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Duke and the King - Long Live the Duke and the King

  by Anthony Middleton

published: 15 / 10 / 2010

Duke and the King - Long Live the Duke and the King
Label: Loose Music
Format: CD


Solid second album from the Duke and the King, which, however unfortunately does not match up to the promise shown on their much acclaimed debut album of last year

That this is a good album is not in doubt. That it really is not a worthy follow-up to last year’s sublime 'Nothing Gold Can Stay' is also not really in doubt. While the new album has a couple of outstanding songs, the debut only had a couple that were not. With a lot of touring to fit alongside recording, the album feels rushed with not enough regard given to quality control and providing a coherent whole. The first album was the product of Simone Felice, newly bereaved by the still birth of a child and Bobby Bird who had his own tribulations; the songs seemed to have been wrought in a mood of creative emotional recovery and inspiration. The energy and honesty of the band live has been a revelation over the last year as their growing popularity in terms of venue size and place on the bill has attested. Now they have two hugely talented new members, singer/violinist Simi Stone and drummer/singer Nowell Haskins. Given that Bird sings along with Felice, that is four singers, which makes for great harmonies, but when they all have to have a turn at lead, it makes for a disjointed album which does hand break turns is it moves from style and genre to another. The only song really worthy of the first album is 'Shaky', continuing from where' One More American Song' ended with a continued examination of how real peoples’ live are destroyed by the Iraq War. Superficially upbeat, the song reflects on modern day shell shock and the only response being short-term gratification. Elsewhere Nowell is inspired by Sam Cooke on his soulful 'Hudson River'; a beautiful song, the change in mood a reflection of the band’s unusual, for America, multi-racial lineup. Simi Stone is in fine voice in 'No Easy Way Out', a country rock romp; again totally in contrast to the rest of the album. The attempt here seems to be to eschew genre and make soulful honest music, whether influenced by Topanga Canyon, Nashville or Detroit. It doesn’t quite work as there doesn’t seem to be a central idea holding the disparate parts together. The highlights are undoubtedly those sung by Felice who, regularly covering 'Helpless' and 'Long May You Run live,' is obviously beholden to Young: 'You and I' and 'Gloria' both hold the album together, the former with the memorable line “Love is a coke dealer's’ daughter”. He also provides one of the weakest moments with the closing song Don’t Take that Plane Tonight. At over six minutes it feels like a contrived, overblown finale-by-numbers with wailing backing harmonies that obliterate the song. The Duke and the King have been, for my money, one of the best live bands of the past year and have the potential to become a great recording band. This album is adequate, far better than most, but nowhere near that potential.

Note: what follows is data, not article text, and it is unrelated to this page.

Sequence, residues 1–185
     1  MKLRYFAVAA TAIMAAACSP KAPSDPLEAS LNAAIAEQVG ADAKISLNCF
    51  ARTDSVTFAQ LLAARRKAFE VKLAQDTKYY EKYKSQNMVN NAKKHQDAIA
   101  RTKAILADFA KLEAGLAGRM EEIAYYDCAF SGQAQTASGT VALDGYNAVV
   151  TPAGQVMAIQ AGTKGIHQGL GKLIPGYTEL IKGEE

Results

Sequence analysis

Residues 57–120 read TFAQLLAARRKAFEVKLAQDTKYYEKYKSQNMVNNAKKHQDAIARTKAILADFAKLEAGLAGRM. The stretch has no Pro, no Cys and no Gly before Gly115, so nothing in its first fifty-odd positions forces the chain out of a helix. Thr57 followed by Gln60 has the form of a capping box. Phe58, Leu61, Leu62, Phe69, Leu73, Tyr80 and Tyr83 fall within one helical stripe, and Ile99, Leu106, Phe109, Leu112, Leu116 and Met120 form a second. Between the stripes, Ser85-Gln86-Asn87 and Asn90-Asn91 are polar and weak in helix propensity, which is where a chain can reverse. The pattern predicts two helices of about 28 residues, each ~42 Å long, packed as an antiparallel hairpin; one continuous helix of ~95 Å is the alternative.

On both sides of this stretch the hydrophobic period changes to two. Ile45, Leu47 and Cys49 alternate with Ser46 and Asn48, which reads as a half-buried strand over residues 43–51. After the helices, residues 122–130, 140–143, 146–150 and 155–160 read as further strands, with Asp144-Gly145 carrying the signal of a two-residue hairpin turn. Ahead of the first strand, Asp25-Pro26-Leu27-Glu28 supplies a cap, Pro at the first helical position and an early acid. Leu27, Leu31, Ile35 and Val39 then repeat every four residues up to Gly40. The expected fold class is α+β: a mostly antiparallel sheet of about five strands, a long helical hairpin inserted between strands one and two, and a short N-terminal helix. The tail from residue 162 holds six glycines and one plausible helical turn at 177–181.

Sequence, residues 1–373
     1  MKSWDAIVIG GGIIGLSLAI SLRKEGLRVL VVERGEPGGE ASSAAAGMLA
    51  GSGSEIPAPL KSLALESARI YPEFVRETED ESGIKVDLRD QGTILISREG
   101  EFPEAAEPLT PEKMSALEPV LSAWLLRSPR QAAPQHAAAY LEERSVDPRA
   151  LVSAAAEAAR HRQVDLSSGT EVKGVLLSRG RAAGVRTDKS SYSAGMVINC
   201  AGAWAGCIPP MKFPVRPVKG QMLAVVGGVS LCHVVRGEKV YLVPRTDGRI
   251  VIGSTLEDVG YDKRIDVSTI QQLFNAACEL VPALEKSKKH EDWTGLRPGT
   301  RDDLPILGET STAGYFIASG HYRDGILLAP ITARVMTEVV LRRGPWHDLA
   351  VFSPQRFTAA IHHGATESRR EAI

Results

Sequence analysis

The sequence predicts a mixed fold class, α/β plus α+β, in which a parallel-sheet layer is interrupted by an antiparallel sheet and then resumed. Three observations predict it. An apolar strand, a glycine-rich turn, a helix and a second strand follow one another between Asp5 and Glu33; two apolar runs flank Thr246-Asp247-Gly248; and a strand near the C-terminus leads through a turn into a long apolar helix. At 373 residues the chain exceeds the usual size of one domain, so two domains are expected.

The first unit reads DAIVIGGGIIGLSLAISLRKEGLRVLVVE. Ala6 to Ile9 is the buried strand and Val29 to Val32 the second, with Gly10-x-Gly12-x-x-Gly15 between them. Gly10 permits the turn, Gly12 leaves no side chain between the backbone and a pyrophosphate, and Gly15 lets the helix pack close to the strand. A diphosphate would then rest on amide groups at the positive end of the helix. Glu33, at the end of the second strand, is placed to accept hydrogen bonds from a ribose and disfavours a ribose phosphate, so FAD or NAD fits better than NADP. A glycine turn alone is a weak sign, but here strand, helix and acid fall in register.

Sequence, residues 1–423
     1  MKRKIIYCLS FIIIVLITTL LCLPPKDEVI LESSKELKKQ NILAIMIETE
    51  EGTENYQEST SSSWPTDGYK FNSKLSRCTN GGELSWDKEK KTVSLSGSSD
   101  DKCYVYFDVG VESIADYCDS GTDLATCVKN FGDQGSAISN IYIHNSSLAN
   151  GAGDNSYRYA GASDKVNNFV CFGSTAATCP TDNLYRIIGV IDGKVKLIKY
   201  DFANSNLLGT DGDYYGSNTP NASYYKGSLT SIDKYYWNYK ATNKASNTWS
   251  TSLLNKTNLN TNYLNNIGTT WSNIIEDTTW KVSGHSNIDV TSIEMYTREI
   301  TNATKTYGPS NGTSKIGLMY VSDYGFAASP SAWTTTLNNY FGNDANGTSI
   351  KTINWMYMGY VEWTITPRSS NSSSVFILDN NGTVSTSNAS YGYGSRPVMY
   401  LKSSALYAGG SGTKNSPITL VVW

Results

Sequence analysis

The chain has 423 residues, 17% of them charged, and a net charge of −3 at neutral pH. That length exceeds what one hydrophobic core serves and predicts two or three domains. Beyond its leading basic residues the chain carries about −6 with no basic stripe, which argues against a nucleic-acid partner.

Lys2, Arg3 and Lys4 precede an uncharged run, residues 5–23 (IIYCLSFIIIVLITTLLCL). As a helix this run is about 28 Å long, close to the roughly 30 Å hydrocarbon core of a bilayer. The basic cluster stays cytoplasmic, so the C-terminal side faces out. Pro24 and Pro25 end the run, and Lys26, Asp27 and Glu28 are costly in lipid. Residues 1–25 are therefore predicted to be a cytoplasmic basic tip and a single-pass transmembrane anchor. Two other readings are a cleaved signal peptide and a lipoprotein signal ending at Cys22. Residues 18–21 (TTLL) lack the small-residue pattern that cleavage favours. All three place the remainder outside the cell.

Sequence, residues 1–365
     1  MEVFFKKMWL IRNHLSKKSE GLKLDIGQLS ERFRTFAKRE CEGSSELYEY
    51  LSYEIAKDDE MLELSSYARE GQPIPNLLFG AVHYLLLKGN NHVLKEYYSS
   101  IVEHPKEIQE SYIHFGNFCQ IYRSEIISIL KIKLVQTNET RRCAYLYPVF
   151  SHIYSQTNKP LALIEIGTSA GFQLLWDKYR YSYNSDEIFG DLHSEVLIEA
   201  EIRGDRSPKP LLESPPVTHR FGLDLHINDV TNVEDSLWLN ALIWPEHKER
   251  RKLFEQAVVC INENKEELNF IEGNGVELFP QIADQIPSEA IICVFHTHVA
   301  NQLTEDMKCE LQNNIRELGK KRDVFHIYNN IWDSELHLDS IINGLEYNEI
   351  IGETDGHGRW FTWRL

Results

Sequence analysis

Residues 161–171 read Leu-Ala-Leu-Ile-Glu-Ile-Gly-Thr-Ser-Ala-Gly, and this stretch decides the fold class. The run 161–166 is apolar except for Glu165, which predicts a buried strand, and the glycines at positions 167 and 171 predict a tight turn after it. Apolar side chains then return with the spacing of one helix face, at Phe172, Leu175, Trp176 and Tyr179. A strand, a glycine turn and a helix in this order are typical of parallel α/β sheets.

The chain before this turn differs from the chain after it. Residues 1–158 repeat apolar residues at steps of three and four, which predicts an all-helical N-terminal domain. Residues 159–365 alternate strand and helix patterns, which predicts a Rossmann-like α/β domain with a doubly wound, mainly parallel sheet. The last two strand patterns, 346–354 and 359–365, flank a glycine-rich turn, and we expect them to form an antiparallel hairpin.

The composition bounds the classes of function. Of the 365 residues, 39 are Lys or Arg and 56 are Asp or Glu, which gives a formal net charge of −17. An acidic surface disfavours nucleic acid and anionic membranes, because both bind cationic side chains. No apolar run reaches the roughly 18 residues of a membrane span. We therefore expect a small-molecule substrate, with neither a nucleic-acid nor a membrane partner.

Track Listing:-
1 O'Gloria
2 Shine On You
3 Shaky
4 Right Now
5 Hudson River
6 No Easy Way Out
7 You And I
8 Children Of The Sun
9 Have You Seen It?
10 Don't Take That Plane Tonight

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live reviews

Scala, London, 22/11/2009
Duke and the King - Scala, London, 22/11/2009
Anthony Middleton is impressed by rising Americana act the Duke and the King's infectious brand of Americana at show at the Scala in London

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